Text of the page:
Kentucky State Police commissioner against hemp


12/8/2012 8:59:00 AM
Kentucky State Police commissioner against hemp

Associated Press
FRANKFORT, Ky. – Kentucky State Police Commissioner Rodney Brewer said his agency is opposed to proposals to grow industrial hemp in Kentucky even though he sees the benefits for the agriculture industry.
Brewer said after a meeting of the newly restarted Kentucky Hemp Commission that state police are concerned the agricultural pluses will be offset by law enforcement minuses such as distinguishing between hemp and its cousin, marijuana.
“It’s incredibly difficult, if not impossible, to the casual observer or even the astute observer to tell the difference between hemp and marijuana as its being grown” he said. He added that problem becomes even more difficult when police use helicopters to search for marijuana fields, a common practice.
Hemp and marijuana are the same species, cannabis sativa, but are genetically distinct. Hemp has a negligible content of THC, the psychoactive compound that gives marijuana users a high.
The commission, led by Agriculture Commissioner James Comer, held its second meeting since it came out of a decade-long dormancy. Comer is aggressively pursuing state legislation that would allow hemp, which is illegal to grow in the United States, to be grown in Kentucky with federal approval.
Comer says the crop could provide agriculture and manufacturing jobs in Kentucky, as it once did during World War II. U.S. retail sales of hemp products exceeded $400 million last year, according to industry estimates.
The versatile crop can be turned into paper, clothing, food, biofuels, lotions and many other products.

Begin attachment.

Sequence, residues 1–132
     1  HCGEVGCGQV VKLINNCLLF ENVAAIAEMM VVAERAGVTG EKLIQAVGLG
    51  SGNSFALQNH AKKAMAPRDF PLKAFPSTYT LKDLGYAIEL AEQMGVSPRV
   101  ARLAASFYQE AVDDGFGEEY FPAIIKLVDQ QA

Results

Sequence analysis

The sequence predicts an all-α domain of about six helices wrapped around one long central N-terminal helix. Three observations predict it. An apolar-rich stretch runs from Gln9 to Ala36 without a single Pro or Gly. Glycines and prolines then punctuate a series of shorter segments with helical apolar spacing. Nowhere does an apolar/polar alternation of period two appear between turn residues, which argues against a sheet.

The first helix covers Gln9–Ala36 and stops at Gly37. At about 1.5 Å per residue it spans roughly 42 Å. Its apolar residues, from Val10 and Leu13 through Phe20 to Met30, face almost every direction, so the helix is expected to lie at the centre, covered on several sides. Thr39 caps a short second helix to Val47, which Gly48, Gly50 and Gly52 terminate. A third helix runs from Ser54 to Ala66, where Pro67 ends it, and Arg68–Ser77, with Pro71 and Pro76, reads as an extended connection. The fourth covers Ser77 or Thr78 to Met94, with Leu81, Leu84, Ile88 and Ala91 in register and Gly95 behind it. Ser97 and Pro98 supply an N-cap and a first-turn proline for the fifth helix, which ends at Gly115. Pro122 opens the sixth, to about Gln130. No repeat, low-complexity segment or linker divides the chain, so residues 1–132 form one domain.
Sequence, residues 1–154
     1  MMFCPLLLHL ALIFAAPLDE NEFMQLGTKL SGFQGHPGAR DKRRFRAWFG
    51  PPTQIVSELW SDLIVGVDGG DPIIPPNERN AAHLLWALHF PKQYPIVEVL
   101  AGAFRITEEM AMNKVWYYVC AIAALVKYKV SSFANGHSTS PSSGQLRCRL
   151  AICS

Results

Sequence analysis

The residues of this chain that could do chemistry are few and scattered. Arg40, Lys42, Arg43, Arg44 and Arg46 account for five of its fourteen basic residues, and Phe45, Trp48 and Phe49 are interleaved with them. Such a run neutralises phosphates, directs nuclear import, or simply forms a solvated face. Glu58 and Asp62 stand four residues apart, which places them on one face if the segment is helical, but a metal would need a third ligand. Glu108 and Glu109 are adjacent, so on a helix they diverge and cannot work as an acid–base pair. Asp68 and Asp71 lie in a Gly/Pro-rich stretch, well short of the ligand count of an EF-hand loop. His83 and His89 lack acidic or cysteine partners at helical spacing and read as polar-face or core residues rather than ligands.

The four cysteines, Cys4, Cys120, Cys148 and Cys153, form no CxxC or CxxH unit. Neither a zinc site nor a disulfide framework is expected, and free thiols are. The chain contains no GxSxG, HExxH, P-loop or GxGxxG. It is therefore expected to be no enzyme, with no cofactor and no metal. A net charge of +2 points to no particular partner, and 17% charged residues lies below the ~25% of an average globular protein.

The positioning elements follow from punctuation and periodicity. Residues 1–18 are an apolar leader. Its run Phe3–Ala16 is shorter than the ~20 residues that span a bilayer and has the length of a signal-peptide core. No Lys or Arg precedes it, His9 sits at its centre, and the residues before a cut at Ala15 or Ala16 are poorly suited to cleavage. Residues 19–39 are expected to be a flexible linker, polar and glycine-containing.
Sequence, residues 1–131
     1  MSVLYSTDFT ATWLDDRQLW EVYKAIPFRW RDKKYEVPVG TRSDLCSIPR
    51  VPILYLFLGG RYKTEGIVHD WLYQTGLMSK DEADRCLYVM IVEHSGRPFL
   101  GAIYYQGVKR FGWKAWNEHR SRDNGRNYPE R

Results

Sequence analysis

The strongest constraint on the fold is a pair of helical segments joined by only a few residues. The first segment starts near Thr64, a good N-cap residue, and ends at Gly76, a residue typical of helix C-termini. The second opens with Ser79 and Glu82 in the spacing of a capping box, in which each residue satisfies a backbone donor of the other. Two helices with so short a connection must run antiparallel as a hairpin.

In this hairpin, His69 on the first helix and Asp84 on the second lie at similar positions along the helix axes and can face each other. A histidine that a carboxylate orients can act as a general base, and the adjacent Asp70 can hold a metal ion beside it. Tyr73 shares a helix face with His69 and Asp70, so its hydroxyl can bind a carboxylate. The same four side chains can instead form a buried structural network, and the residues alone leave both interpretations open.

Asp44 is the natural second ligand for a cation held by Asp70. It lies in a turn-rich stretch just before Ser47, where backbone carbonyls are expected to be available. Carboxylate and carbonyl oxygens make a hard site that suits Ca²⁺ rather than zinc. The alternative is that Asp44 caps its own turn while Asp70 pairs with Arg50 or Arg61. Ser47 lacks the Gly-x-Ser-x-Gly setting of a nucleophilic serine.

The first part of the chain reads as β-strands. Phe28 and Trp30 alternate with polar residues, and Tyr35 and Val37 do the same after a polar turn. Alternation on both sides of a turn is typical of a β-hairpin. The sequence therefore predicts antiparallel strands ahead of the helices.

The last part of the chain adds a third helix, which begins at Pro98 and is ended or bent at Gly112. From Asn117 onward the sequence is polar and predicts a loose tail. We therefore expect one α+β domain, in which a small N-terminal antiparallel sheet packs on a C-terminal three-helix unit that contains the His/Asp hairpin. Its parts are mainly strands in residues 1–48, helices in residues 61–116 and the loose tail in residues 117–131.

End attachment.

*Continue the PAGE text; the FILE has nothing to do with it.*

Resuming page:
What “really” bothers me is the fact that it seems the “Police Departments” throughout the state of Kentucky seem to be the only ones that are making waves over the “Hemp” bill.  Yes, I said Hemp, not marijuana – That being said I am for repealing the prohibition on both.

Now, there are two problems that may be itching the necks of the police departments.  One is that they really can’t tell the difference between the two plants.  I do not see that as a problem because first of all they should be educated enough to be able to tell the difference and two, I’m sure there is some kind of quick field test to verify exactly what type of plant that it is by the THC level. 

Then again, it would be nearly impossible to grow “good grade” “Marijuana” outdoors if there were Hemp fields anywhere (or everywhere) nearby – Hemp will definitely override the marijuana plants which just might irritate the growers of marijuana and a few of their business partners.  Hmmm.

I am pro HEMP and Marijuana (Cannabis).  HEMP should be grown in the fields and Cannabis for consumption grown indoors – and BOTH should be legitimately freed !!!! 

But I guess there is nothing like a black market plant to line your pants pockets with….

God Bless the Farmers!


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